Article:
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  • 27 June 2005
  • Charities ‘must learn to cherish their donors’


    Charities who want supporters to give more should show them how much they are valued - as is the case for the UK's much-cherished blood donors.

    This was the message delivered to charity leaders by Dr Tom Farsides, a social psychology lecturer at the University of Sussex. Dr. Farsides, who researches altruistic behaviour, was speaking at a seminar in London for the National Council for Voluntary Organisations (NCVO) called 'Why do people give to charity - and why don't others? How do we encourage more giving?' as part of Social Sciences Week (June 20-24)

    Dr Farsides argues that people need to feel that their contributions are motivated by a genuine charitable concern for others. "People become wary if they feel others are trying to manipulate them into doing something, even if they wanted to do that thing in the first place," says Dr Farsides. "Every piece of research I have done or am aware of suggests that people genuinely want to help others, but also that they want to do so of their own free will."

    Dr Farsides suggests that aggressive campaigning tactics by charities - known as "chugging" (charity mugging) - can make people doubt both their own motives for giving and the nature of charity itself.

    Dr Farsides says: "Lots of people resent being asked for money on the street. The 'hard sell' approach means people feel that they have to justify saying 'no'. Similar views are often expressed about people trying to be sponsored to support their favourite charity (often by doing something they want to do, such as the London-Brighton cycle ride). The same goes for Comic Relief.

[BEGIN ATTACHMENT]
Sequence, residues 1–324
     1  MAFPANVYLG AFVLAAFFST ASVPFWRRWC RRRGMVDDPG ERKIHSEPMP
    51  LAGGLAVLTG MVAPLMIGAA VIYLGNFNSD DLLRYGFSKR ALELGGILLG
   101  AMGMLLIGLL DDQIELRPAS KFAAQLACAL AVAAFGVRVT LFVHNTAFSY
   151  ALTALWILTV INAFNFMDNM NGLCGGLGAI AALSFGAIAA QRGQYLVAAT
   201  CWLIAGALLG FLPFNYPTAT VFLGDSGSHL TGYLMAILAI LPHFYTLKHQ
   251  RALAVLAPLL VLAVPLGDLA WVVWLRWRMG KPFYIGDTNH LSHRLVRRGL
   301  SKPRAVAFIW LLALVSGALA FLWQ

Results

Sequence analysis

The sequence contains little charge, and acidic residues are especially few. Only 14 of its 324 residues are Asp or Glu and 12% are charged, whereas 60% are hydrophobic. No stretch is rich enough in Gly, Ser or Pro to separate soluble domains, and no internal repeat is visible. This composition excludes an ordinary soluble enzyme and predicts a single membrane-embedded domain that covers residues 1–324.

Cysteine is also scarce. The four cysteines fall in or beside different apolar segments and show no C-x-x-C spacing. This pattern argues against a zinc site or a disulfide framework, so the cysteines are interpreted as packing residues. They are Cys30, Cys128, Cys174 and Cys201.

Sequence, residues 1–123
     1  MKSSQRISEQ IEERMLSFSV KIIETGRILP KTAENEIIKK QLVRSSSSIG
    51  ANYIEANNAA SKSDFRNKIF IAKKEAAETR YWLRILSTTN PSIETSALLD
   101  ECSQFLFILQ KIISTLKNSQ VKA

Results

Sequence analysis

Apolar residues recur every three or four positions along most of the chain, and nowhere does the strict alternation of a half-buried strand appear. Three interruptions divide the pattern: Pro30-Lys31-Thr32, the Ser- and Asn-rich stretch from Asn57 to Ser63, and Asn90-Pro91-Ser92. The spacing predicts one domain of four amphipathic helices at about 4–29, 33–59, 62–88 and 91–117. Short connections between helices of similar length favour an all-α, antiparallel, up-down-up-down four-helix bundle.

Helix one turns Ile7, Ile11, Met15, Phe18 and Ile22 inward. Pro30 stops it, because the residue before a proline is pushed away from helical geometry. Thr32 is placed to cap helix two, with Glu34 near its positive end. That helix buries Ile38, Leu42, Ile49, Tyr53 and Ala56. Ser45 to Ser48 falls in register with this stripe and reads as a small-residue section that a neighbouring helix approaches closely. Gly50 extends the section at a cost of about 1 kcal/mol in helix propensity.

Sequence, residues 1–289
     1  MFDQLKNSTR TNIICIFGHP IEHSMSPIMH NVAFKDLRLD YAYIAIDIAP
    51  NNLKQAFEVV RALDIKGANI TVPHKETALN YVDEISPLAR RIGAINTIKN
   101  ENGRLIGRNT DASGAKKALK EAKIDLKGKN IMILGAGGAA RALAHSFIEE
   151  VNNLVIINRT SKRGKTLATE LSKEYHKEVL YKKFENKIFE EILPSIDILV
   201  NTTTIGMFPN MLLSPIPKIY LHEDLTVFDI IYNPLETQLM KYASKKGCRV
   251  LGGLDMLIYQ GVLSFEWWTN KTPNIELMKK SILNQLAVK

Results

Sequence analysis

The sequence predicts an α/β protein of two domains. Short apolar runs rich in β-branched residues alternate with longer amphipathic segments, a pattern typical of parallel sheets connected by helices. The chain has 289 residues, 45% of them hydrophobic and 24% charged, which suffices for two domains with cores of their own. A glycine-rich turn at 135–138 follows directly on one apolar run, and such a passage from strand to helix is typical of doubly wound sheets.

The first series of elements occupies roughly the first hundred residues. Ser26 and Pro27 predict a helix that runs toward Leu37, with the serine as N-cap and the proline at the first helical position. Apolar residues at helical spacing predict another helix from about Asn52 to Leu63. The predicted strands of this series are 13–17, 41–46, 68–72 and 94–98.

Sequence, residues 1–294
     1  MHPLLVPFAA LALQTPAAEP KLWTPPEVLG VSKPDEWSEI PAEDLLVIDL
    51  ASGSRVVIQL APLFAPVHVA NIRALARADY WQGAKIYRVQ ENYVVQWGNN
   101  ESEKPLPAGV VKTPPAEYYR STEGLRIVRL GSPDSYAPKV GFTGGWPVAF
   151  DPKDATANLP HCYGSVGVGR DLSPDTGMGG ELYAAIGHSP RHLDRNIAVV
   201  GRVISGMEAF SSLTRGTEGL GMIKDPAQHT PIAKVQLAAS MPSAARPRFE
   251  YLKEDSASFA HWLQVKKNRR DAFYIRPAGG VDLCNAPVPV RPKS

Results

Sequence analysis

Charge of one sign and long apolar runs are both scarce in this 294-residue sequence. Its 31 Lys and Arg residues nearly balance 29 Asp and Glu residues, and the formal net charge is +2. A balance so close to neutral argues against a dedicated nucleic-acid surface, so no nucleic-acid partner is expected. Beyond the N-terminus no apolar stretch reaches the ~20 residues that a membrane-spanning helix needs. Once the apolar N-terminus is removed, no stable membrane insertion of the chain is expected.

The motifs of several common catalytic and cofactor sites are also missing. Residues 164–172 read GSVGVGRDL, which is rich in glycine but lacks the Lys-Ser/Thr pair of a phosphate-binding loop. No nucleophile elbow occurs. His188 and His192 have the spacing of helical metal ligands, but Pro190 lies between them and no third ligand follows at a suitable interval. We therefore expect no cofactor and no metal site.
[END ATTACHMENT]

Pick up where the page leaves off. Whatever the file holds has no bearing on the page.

"It's like any other relationship. If you get your own way only by nagging, threatening or pleading, other people will eventually help you only when they feel they have to. They also will not like you very much. On the other hand, if you show warm appreciation for someone who voluntarily helps you, you will have a friend for life."

    Dr Farsides points to the National Blood Service as an organisation that cherishes those who give. "They have done a great job. Supporters are told how amazing they are and I have never seen any campaign in which the service suggests it thinks negatively about anyone who does not give blood. As a result, people who give blood a few times tend to keep giving it as often as they can for as long as they can - and feel good about themselves for doing so."

    Those who wish to follow the example of the National Blood Service should avoid undermining people's sense of altruism, says Dr Farsides: "Charities shouldn't put people in situations in which they feel the need to justify not giving to charity. There is nothing wrong with charities asking for our help, but they need to be gracious if and when we do not want to give. People have reasons not to give at least as often as they give suspect 'excuses'."

     

    Notes for editors 

    • Dr Farsides' seminar was funded by the Economic and Social Research Council (ESRC), as part of Social Sciences Week, hosted by the National Council for Voluntary Organisations (NCVO) on Friday, June 24 at NCVO, London. Tom Farsides can be contacted on 01273 678 888 or email t.l.farsides@sussex.ac.uk
    • Press office contacts: Maggie Clune or Jacqui Bealing. Tel 01273 678 888 or email M.T.Clune@sussex.ac.uk or J.A.Bealing@sussex.ac.uk

     

     

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